Alternate Names : Passed out, Light-headedness - fainting, Syncope, Vasovagal episode
Fainting is a temporary loss of consciousness due to a drop in blood flow to the brain. The episode is brief (lasting less than a couple of minutes) and is followed by rapid and complete recovery. You may feel light-headed or dizzy before fainting.
A longer, deeper state of unconsciousness is often called a coma.
Overview & Considerations
When you faint, you not only experience loss of consciousness, but also loss of muscle tone and paling of color in your face (pallor). You may also feel weak or nauseated just prior to fainting, and you may have the sense that surrounding noises are fading into the background.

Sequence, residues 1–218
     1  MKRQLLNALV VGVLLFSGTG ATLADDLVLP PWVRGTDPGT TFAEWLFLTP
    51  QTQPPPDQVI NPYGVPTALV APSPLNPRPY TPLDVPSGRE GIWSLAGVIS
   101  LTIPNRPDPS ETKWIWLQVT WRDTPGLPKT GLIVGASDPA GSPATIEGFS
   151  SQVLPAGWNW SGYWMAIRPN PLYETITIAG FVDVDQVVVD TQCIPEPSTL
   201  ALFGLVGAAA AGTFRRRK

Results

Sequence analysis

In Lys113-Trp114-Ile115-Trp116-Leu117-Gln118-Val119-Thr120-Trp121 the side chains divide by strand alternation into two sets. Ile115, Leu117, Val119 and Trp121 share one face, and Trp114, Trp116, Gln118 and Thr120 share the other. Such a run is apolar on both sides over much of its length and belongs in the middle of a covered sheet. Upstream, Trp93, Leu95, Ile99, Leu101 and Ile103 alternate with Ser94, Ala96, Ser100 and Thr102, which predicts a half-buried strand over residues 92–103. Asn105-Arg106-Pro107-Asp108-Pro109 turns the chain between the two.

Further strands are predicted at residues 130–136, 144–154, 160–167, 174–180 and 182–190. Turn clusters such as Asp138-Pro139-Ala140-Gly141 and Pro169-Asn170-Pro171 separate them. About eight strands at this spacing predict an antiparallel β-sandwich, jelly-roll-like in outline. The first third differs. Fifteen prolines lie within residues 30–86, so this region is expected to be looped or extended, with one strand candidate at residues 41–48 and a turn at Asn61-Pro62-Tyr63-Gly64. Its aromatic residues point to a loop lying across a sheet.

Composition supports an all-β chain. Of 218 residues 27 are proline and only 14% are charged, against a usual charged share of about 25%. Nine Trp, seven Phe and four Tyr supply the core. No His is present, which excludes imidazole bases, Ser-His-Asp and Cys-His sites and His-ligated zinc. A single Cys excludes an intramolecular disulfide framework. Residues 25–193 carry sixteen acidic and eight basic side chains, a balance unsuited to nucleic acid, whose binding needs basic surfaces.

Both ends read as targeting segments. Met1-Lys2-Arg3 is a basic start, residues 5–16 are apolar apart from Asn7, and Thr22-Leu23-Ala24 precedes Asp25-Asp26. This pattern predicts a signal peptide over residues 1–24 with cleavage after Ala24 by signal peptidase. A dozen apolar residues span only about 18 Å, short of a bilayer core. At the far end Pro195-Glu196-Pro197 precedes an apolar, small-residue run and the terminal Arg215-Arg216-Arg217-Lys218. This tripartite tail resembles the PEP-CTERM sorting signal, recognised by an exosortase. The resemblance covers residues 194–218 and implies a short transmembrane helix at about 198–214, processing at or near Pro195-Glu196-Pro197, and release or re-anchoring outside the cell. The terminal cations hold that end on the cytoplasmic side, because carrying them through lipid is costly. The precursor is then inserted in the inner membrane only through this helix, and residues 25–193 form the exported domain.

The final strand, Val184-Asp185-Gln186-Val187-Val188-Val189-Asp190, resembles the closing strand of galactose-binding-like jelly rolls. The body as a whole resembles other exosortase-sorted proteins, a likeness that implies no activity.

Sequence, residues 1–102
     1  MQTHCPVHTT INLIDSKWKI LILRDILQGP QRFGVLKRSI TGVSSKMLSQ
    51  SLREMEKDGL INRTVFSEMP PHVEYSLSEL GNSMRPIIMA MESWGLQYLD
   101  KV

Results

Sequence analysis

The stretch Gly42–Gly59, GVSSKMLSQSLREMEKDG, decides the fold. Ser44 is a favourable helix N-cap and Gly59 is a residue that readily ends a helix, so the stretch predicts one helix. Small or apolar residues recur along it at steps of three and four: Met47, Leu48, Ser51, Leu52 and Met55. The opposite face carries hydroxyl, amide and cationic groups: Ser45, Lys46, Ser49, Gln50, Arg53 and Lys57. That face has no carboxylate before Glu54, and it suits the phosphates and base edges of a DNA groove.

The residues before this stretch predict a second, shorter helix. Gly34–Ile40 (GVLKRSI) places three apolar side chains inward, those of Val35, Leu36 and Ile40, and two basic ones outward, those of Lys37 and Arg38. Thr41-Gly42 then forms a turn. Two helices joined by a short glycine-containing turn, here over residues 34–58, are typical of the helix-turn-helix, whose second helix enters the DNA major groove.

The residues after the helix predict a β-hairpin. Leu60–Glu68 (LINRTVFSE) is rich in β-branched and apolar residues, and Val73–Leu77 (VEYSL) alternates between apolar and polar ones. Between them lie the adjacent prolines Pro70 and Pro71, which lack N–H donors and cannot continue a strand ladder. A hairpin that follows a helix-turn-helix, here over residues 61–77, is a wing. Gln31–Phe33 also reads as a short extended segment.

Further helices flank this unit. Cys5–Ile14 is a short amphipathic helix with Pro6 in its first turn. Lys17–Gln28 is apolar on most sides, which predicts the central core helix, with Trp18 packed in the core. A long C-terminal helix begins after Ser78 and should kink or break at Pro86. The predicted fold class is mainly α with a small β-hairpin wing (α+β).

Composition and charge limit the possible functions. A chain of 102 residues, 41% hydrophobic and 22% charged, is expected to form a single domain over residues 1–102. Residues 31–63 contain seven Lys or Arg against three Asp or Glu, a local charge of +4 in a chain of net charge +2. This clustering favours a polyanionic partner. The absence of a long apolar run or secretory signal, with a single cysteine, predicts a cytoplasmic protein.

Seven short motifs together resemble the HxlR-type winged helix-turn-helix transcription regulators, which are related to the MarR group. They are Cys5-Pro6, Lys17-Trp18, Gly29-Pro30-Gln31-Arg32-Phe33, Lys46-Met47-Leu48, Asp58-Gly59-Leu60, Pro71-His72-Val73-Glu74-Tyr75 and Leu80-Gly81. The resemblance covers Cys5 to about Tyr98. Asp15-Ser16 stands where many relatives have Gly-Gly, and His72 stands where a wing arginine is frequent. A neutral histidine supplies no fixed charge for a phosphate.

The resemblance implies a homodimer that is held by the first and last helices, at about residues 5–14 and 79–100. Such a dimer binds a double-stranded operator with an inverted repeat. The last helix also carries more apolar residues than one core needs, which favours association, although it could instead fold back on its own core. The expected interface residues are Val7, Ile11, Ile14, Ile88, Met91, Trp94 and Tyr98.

Fainting may occur while you are urinating, having a bowel movement (especially if straining), coughing very hard, or when you have been standing in one place too long. Fainting can also be related to fear, severe pain, or emotional distress.
A sudden drop in blood pressure can cause you to faint. Your blood pressure may drop suddenly if you are bleeding or severely dehydrated. It can also happen if you stand up very suddenly from a lying position.
Certain medications may lead to fainting by causing a drop in your blood pressure or for another reason. Common drugs that contribute to fainting include those used for anxiety, high blood pressure, nasal congestion, and allergies.
Other reasons you may faint include hyperventilation, drug or alcohol use, and low blood sugar.
Less common but more serious reasons for fainting include heart disease (such as abnormal heart rhythm or heart attack) and stroke. These conditions are more likely in persons over age 65 and less likely in those younger than 40.